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Wadi Khaled

Bordering Syria and Lebanon

Wadi Khaled, right where northern Lebanon meets the south of Syria, became home to some of the first refugees in the early days of the Syrian war. People here, who did not become Lebanese citizens until the 1990s, maintain mostly good relations with their Syrian neighbours – but face more hardship than many others in the country.

“The war has devastated everything.”

Hadi, a 16-year old Syrian who prefers to only use his first name, has just left the bakery in Wadi Khaled where he is currently working, and is on his way to the mosque for Friday prayers. He came here from the Karm Al-Zaytoon area in Homs in 2014, fleeing with his parents and two brothers to seek shelter from the fighting.

“I have made good friends here. I love Wadi Khaled, but now I can barely remember things from Homs”, says Hadi.

Wadi Khaled is a small town and region with surrounding farmlands and mountains, some 70 kilometres inland from Lebanon’s second largest city, Tripoli. The distance to Homs, across the border in Syria, is no more than half of that. Mount Lebanon, the range reaching across most of Lebanon, extends its eastern ridges across Wadi Khaled, then towards the plains of Syria. Here and there are houses and buildings under construction, the heights of which rarely exceed two floors.

The region, which sits literally on the Lebanese-Syrian border, is where some of the first refugees arrived in 2011, when the conflict in Syria began to turn violent. Historically, Wadi Khaled has been home to farming and smallholder families, often of mixed Lebanese and Syrian descent. Before visas were imposed on Syrians in 2014 – the first time Lebanon did so – people would move easily across the border, and having relatives on either side was a rule rather than exception. Today, the town and twenty-two small villages that make up Wadi Khaled remain home to a large Syrian population (no population survey has been made since 1994, but local estimates say it is likely that Syrians, both long-time residents and newly arrived refugees, make up about half of the residents).

Many refugee families in Wadi Khaled live in informal settlements (resembling camps but not seen as such by the Lebanese government, which has a policy of not establishing formal camps) in villages like Hicheh, Al-Awwadeh, Jaramanaya and Rajm Hussein, connected to one another only by bumpy roads. To reach Tripoli, one has to take a minivan for two hours and pay 4,000 Lebanese lira (a bit less than $3); anyone going to Homs, on the Syrian side, would pay only 1,000 lira. Travelling there was easy before, but has become much more complicated since the border crossing in Wadi Khaled closed in 2014. For most Syrians, who need a visa to enter Lebanon, it is not possible to travel back and forth anyway.

Citizenship, no citizenship

All of this shared history is reflected in something central in the reality of life for people in Wadi Khaled: the issue of nationality. Although most of its long-standing inhabitants have lived there for centuries, it was not until 1994 that they became naturalised. Before that, most were stateless.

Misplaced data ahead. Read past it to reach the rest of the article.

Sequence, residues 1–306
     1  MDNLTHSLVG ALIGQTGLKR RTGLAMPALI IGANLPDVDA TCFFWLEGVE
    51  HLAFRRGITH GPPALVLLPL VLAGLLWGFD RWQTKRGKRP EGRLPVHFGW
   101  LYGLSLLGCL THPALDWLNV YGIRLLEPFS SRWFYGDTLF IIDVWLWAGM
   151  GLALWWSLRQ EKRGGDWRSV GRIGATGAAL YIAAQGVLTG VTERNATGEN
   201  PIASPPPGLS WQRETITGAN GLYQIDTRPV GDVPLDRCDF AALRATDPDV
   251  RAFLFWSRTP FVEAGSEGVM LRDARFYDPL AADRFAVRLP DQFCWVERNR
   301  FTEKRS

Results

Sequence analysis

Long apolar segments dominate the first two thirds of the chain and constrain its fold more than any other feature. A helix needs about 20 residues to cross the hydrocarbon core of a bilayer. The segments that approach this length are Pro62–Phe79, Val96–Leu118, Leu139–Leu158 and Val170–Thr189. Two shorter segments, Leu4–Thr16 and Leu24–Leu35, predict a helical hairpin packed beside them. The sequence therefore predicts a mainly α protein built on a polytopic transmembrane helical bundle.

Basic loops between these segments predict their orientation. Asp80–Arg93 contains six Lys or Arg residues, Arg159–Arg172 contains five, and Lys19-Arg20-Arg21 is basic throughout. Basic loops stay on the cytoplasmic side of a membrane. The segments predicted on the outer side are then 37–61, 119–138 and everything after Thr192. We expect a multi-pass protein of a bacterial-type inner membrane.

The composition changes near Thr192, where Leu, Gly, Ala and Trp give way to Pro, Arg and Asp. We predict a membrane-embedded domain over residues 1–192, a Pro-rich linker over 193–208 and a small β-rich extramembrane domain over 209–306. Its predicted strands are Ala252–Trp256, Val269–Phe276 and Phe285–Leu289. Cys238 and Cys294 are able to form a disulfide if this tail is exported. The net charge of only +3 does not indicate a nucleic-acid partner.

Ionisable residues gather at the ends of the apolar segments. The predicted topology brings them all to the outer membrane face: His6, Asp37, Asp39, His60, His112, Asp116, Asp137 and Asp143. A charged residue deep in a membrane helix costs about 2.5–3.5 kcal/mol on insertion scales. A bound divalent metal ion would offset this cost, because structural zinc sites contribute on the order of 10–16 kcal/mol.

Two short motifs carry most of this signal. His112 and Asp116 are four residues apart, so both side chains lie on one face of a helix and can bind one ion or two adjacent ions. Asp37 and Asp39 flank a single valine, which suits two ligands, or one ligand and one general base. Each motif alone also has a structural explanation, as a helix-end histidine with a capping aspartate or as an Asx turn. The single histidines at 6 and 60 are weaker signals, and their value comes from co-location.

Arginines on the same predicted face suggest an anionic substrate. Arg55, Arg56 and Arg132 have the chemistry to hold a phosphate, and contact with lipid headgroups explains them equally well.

“I, Sheikh Arab Al Ghannam Muhamad Ismail Ezzo, the undersigned with my seal below, hereby certify that the person in question is personally known to me and, accordingly, this statement is attributed.”

The former member of the Lebanese parliament recites his grandfather’s statement by heart, holding the seal he inherited from him between his hands. Jamal Ismail, no longer an MP, navigates the small roads with ease as he drives around Wadi Khaled. Remembering his grandfather, he suddenly gets transported back to the days of his childhood, when he used to assist him in issuing statements like this to natives of Wadi Khaled.

“We would light a small lamp with kerosene oil. I would put the seal over the black smoke coming from the fire, add a little saliva on the paper, and then press the seal on it,” he recalls.

Before becoming an MP in 2000, Ismail was Wadi Khaled’s representative to the state for many years, during which he tried to secure Lebanese nationality to inhabitants of Wadi Khaled, including members of minority communities like Kurds, Alawites and different Christians in the area. Many people had tried to claim the nationality themselves in the 1950s, but failed to do so.

“What they got instead was an ‘under study’ nationality,” says Ismail – meaning that they only held a statement issued by two local leaders, one of them his grandfather.

The other one, says Ismail, ran an office in Tripoli along with three other sheikhs in the 1960s where they offered copies of that statement – and, thereby, proof of Lebanese nationality – for only five Lebanese pounds.

“Around two thousand people at the time held that false paper,” he says.

Most of them were people with nomadic roots, who had been in a constant displacement across several neighboring countries, including Syria, Jordan, Iraq and Saudi Arabia.

Wadi Khaled is facing an acute absence of development projects, a lack of political representation, and geographical distance from the political and economic centre in Lebanon.